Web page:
Foreign Office Minister Jeremy Browne's accidental revelation that British troops are co-operating with the Colombian armed forces ought to sound the alarm bells.
British forces have a far from clean record in Iraq and Afghanistan, not to mention earlier in Ireland, but the US-trained and supplied Colombian military is up to its neck in civilian blood.
Colombia is the most dangerous country in the world to be a trade unionist, with dozens killed annually by death squads, including army personnel, paid for by big business and agricultural interests.
While most crimes go unpunished, some trials have taken place since current President Juan Manuel Santos, a former defence minister, took over from Alvaro Uribe.
Uribe's close political ally Jose Noguera, who was head of the DAS secret police, was jailed for 24 years on September 14 for involvement in three murders carried out by paramilitary death squads.
Three months earlier, Colonel Luis Fernando Borja was sentenced to 21 years in prison over the killing of 57 civilians.
Colonel Borja, who had his sentence halved from 42 years for coming clean, admitted that his unit had murdered the civilians and passed them off as Farc liberation movement guerilla fighters.
Colombia's oligarchy, transnational capital, the army and DAS have worked together for years to eliminate political opponents - trade unionists, peasant leaders, environmental campaigners, teachers and community activists - and to portray their victims as armed rebels.
President Santos insists that he has put an end to this widely practiced ploy, known as "false positives," which was encouraged by rewarding poorly paid soldiers with bonuses for the number of guerilla "kills" they booked.
The attorney-general's office is at present investigating more than 1,400 cases of extrajudicial killings throughout Colombia.
Our government may give President Santos the benefit of the doubt over the conduct of the armed forces when he was defence minister. He certainly admitted in November 2008 that extrajudicial executions had taken place, but he pledged to rectify this situation.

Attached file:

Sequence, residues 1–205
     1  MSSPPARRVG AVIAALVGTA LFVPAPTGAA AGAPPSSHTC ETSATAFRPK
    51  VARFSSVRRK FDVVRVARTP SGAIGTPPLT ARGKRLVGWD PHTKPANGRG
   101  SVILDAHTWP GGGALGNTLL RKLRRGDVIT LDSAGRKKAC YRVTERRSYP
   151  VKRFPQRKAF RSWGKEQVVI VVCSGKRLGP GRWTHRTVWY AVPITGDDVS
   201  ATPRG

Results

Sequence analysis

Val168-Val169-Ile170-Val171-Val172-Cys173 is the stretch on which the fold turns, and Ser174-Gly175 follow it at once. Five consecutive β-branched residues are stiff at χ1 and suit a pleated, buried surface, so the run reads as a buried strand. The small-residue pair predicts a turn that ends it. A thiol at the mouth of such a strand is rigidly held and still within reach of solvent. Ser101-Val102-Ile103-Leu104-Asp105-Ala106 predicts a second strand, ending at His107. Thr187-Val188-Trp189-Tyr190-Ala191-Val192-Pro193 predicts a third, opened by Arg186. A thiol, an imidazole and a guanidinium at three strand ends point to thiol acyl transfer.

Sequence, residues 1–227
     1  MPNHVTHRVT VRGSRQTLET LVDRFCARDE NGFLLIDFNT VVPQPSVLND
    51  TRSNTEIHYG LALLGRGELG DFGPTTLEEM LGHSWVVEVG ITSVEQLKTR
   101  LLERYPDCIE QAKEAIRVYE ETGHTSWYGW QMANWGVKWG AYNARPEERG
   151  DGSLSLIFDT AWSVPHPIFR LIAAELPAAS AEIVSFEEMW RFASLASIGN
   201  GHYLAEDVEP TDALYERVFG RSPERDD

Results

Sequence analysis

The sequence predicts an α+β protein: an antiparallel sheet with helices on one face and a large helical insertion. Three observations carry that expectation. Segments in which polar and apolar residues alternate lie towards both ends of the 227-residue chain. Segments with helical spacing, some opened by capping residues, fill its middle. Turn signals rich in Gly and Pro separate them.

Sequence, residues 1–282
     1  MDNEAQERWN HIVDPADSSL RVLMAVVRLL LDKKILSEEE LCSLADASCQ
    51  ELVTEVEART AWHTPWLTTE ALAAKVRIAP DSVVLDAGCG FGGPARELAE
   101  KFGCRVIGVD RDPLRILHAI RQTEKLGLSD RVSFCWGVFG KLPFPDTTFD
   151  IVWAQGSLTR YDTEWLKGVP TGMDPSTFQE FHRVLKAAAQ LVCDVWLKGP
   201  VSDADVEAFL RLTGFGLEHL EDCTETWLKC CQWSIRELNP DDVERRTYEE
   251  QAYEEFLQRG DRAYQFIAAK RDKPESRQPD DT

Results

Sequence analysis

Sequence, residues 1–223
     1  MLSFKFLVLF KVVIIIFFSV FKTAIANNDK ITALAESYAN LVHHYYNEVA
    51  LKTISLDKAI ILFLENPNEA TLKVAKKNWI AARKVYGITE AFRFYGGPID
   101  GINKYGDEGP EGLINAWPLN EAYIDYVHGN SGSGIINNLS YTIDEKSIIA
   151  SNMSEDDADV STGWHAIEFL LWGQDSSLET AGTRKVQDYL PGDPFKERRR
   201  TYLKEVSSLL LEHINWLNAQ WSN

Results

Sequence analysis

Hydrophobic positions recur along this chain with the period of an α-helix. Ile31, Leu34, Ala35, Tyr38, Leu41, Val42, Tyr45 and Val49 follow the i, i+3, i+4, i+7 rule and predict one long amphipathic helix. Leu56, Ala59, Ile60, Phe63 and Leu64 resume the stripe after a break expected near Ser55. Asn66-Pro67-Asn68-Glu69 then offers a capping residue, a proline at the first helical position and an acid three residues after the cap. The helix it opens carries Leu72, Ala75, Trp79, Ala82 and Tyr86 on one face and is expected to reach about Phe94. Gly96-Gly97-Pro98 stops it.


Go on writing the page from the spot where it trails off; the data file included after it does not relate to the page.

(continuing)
High-ranking military officers, including three generals, were sacked, although the charges against them described administrative failures, irregularities in reporting enemy casualties and operational results rather than conspiracy to murder.
Santos claimed in March that the "issue of false positives has gone," declaring that "there has not been a single false positive case since October 2008."
However, the question arises as to whether Santos's actions are as good as his words.
Colombian NGO Cinep (the Centre for Investigation and Popular Education) gave details earlier this week of a further 961 alleged false positives, some having taken place as recently as June of this year.
Cinep said that research for its Debt to Humanity special report showed that, while some of the cases went as far back as 1988, nine had occurred since Santos took up the presidency.
It details instances of teenage boys being killed by the army's Brigade 30 before their corpses were dressed in Farc guerilla uniform and had guns placed alongside them before they were photographed.
The government should learn the lesson of Labour former foreign office minister Kim Howells, who was happy to pose for smiley pictures with a unit of the Colombian army only to learn later that they were deeply involved in the false positives murder programme.
It should end all co-operation with Colombia's armed forces until Bogota takes human rights for working people seriously.